More on Pairing

Kicking Off a Task or Story


 


Some people can just sit down at a keyboard and start generating unit tests.  I can’t do this myself.  Personally, I’m much more effective if I spend just a little bit of time sketching out an approach in crude UML or merely writing out a list of the changes to make in the code (new method here, new class there, etc.).  One very effective tactic I like is to do in a pairing session is to start at a whiteboard and task out the work together and make a list of the coding work.  It’s a simple and quick way to get a shared understanding of the work.  You’ll undoubtedly throw away some of the list and go a different way, but it’s the act of making the list together that’s important, not the list itself.


 


The Backseater Must Be Engaged


 


The person not driving has to remain actively engaged in the coding.  When you’re not the driver, you’re Goose from Top Gun watching the driver’s “Six”.  The backseater should be thinking ahead and looking for potential problems with the current approach.  According to the old folks like Steve McConnell and Robert Glass, code inspections (reviews) are one of the most valuable tools for removing defects from the code.  The backseater should be performing a code inspection in real-time. 


 


I think it’s okay to have the backseater doing some sort of research for the next piece of work sometimes, but otherwise the backseater is focused on the coding at hand.


 


When you’re the backseater, don’t be an ass.  Slow down on the whole “you forgot a semicolon” commentary at least until the driver has moved on to the next line of code.  Nitpicking is a great way to be a bad backseater.


 


Switch roles often to keep both people involved in the story.  No decent developer likes to just watch someone else coding.  There was a somewhat sad incident in a stand up meeting last year when my pair from the day before listed his activity from the day before as “watching Jeremy code.”  That’s being a bad pair on both our parts.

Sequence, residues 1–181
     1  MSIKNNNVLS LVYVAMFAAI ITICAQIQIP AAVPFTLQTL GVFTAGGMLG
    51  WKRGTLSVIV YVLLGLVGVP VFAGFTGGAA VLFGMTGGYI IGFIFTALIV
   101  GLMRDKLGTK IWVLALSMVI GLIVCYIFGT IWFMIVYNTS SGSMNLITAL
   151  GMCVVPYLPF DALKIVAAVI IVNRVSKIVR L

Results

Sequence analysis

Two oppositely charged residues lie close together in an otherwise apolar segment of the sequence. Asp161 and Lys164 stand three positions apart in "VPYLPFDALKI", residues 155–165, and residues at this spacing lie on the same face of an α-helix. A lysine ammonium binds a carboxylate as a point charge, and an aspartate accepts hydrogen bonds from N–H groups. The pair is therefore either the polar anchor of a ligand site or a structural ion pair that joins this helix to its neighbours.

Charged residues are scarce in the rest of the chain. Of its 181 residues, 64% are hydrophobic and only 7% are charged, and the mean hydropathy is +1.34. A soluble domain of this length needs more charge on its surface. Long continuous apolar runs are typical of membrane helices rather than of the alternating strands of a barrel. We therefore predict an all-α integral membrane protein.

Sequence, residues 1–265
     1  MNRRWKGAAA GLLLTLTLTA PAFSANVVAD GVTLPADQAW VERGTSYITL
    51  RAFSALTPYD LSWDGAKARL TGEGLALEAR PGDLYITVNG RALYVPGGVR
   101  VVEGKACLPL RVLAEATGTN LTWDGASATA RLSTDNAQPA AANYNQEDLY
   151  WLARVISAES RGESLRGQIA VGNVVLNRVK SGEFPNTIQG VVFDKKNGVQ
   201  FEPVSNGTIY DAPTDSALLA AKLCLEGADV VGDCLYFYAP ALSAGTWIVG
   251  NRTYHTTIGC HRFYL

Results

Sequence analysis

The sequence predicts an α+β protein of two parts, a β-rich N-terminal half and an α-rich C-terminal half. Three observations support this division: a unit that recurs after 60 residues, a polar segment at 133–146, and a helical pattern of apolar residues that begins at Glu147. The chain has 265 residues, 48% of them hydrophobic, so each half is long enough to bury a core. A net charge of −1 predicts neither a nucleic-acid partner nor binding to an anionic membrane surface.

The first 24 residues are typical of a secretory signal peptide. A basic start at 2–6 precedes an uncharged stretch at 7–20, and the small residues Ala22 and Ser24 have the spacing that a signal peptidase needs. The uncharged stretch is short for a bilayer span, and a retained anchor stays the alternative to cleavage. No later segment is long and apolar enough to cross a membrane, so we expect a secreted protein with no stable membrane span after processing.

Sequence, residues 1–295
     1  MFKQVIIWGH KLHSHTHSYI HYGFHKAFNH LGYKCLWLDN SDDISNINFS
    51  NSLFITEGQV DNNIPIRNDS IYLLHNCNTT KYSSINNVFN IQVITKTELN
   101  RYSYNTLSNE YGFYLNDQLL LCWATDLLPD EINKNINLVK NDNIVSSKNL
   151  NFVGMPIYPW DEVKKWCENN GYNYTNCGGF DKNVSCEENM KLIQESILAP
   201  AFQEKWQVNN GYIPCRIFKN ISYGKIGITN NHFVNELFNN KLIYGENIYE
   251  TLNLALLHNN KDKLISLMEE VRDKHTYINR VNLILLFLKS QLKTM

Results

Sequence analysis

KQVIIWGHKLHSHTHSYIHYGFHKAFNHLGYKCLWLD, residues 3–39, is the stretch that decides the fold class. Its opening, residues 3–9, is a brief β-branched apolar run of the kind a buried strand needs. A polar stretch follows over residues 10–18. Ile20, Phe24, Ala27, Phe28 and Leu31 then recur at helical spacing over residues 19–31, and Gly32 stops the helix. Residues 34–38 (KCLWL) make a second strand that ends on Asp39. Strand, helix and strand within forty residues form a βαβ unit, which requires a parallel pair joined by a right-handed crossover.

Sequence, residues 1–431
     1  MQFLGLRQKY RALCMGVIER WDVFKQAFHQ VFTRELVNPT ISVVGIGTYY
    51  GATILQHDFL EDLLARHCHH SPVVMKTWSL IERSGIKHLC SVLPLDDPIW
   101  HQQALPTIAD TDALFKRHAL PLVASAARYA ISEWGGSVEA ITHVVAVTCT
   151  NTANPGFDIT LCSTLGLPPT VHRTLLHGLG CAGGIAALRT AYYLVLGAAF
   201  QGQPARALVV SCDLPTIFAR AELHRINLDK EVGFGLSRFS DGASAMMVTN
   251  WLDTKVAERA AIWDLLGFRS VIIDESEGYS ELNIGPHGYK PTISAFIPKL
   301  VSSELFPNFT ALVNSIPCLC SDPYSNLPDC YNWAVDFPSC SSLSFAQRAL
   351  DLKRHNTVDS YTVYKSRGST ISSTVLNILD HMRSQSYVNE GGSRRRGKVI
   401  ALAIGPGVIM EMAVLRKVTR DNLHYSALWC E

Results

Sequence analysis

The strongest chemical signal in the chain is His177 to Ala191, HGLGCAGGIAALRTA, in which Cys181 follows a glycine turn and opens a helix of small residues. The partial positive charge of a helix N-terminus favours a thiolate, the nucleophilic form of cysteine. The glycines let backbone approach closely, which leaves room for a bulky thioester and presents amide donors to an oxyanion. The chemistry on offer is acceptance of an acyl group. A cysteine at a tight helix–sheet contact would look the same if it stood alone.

Smooth out the Worst Tendencies of any Sole Developer


 


By having input from two coders into any coding activity, you have a sanity check that can help rein in the worst tendencies of any one developer.  As for myself, I’m filled to the brim with design pattern theory and it leads to some temptation to go off and be an Architect Astronaut.  Coding in a pair with somebody who does not share this affliction helps to keep me grounded and write code that makes sense to the rest of the team. 


 


On the other hand, if your partner suggests implementing a task in a 1400 line stored procedure you can remind them that T-SQL is not a very good solution because it’s hard to test, debug, and read in this context than C#/VB.NET/Java (and Jeremy has implicitly threatened bodily harm to anyone who puts business logic in a stored procedure ever again).

About Jeremy Miller

Jeremy is the Chief Software Architect at Dovetail Software, the coolest ISV in Austin. Jeremy began his IT career writing "Shadow IT" applications to automate his engineering documentation, then wandered into software development because it looked like more fun. Jeremy is the author of the open source StructureMap tool for Dependency Injection with .Net, StoryTeller for supercharged acceptance testing in .Net, and one of the principal developers behind FubuMVC. Jeremy's thoughts on all things software can be found at The Shade Tree Developer at http://codebetter.com/jeremymiller.
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